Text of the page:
“Rememory” and meaning: the narrative of a mother giving birth to her own subjective identity through weblog writing

Pages 84-94 | Received 16 May 2016, Accepted 11 Jul 2016, Published online: 15 Dec 2016

The narratives of mothers are usually not expressed through cultural and national memories. In addition, the psychological theories insist on defining motherhood and subjectivity from the point of view of the developing child. The term “subjective motherhood” enables us to attempt to describe and theorize maternal subjectivity in this complicated and contradictory sense. The aim of this research is to create a wide enough concept of motherhood subjectivity in order to contain the motherhood experience as a process of creating identity and meaning. The blog “this is the way I am” is the room of Pema, a 49 year old Israeli mother and the author of a weblog. The written narratives in her blog reflect the dialogue between the mental dimensions of rememory and meaning. Through the writing process, Pema is giving narrative birth to her subjective identity as a mother. Writing a blog gave Pema the most precious thing she owns, the story of her subjectivity.

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EMOTIONAL BENEFITS OF EXPRESSIVE WRITING IN A SAMPLE OF ROMANIAN FEMALE CANCER PATIENTS

Cogniţie, Creier, Comportament / Cognition, Brain, Behavior
Copyright © 2008 Romanian Association for Cognitive Science. All rights reserved. ISSN: 1224-8398
Volume XII, No.1 (March), 115 – 129

 

The main purpose of the present study was to investigate the possible positive effects of the Expressive Writing paradigm on a sample of Romanian female cancer patients. The major tenet of this paradigm is that if individuals with high levels of distress express in writing, for three or four consecutive writing sessions, their deepest thoughts and emotions regarding the activating event and its consequences, on the follow-up assessment they would experience significantly lower levels of distress, and improved physical and/or psychological functioning. Our study has evinced, that the participants of the sample we investigated has experienced at the follow-up assessment significantly lower levels of distress, and significantly higher levels of positive meaning in life and benefit finding, however, the results may depend on the pre-intervention levels of depression. Nevertheless, the Expressive Writing task has not significantly contributed in our sample to the enhancement of the levels of positive emotions.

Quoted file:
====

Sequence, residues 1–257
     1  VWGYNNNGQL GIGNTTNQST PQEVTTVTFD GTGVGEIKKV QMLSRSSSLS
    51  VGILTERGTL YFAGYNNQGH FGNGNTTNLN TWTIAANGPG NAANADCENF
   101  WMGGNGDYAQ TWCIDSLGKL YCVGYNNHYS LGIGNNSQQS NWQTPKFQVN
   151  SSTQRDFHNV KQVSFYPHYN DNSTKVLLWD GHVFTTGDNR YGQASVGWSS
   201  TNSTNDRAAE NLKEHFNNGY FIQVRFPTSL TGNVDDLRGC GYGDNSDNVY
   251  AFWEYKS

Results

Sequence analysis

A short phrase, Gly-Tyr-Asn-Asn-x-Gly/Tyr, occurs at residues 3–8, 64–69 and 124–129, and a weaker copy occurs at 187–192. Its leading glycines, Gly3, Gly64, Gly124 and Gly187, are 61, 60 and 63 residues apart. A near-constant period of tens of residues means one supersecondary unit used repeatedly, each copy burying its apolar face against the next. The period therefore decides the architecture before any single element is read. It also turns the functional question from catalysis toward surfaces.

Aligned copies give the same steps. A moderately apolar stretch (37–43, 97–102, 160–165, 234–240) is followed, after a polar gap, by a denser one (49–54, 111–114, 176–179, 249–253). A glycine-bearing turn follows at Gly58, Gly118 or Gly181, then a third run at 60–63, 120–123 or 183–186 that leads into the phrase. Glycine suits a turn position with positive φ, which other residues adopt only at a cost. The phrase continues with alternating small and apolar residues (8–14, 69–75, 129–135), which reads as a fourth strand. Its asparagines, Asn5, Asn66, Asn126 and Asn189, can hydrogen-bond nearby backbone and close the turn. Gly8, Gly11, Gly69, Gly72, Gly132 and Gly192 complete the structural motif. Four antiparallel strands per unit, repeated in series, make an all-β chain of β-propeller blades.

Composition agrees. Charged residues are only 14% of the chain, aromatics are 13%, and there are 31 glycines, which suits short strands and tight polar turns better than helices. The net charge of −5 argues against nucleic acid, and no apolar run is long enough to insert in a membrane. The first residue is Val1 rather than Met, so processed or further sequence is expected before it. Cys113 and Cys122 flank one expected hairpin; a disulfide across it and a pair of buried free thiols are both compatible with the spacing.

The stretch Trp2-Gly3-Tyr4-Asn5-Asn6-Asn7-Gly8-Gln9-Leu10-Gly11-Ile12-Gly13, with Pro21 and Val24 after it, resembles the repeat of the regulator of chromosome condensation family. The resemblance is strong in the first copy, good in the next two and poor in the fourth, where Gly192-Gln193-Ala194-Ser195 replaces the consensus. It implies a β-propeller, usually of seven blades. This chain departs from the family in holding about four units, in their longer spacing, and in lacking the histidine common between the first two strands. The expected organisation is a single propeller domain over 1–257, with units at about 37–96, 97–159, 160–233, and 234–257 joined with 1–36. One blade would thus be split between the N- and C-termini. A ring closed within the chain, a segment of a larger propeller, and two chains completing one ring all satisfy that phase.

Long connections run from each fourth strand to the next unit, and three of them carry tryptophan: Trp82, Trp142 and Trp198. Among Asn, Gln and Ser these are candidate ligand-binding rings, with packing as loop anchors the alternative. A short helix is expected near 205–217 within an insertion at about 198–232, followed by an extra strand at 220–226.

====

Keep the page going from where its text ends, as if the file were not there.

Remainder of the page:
http://www.ascred.ro/images/attach/Emotional%20benefits%20of%20expressive%20writing%20in%20a%20sample%20of%20romanian%20female%20cancer%20patients.pdf

 

Expressive Writing Can Impede Emotional Recovery Following Marital Separation.

Clin Psychol Sci. 2013 Mar 18;1(2):120-134.

Sbarra DA1, Boals A2, Mason AE1, Larson GM1, Mehl MR1.

Marital separation and divorce are common life events that increases risk for poor health outcomes, yet few intervention studies explore how to mitigate this increased risk. This study implemented an expressive writing (EW; see Pennebaker, 1997) intervention for adults who experienced a recent marital separation. Ninety participants (32 men) were randomly assigned to and completed one of three experimental writing tasks: traditional EW, a novel (narrative-based) type of EW or control writing. Up to nine months after this writing, participants judged to be actively engaged in a search for meaning concerning their separation reported significantly worse emotional outcomes when assigned to either EW condition relative to control writing. Within the control condition, those participants actively engaged in a search for meaning reported the lowest levels of separation-related disturbance. We discuss these results in terms of the factors that may limit and promote psychological recovery following marital separation.